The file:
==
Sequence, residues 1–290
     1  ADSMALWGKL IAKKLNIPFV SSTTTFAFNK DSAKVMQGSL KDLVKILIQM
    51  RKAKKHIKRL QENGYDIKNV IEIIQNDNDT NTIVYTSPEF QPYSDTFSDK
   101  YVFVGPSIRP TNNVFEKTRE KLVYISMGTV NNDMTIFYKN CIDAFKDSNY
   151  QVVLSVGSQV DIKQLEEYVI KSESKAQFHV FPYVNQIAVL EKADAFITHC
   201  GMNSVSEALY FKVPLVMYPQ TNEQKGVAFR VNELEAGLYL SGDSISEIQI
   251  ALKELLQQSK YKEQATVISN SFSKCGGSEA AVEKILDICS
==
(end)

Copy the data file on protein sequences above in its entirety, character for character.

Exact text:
Sequence, residues 1–290
     1  ADSMALWGKL IAKKLNIPFV SSTTTFAFNK DSAKVMQGSL KDLVKILIQM
    51  RKAKKHIKRL QENGYDIKNV IEIIQNDNDT NTIVYTSPEF QPYSDTFSDK
   101  YVFVGPSIRP TNNVFEKTRE KLVYISMGTV NNDMTIFYKN CIDAFKDSNY
   151  QVVLSVGSQV DIKQLEEYVI KSESKAQFHV FPYVNQIAVL EKADAFITHC
   201  GMNSVSEALY FKVPLVMYPQ TNEQKGVAFR VNELEAGLYL SGDSISEIQI
   251  ALKELLQQSK YKEQATVISN SFSKCGGSEA AVEKILDICS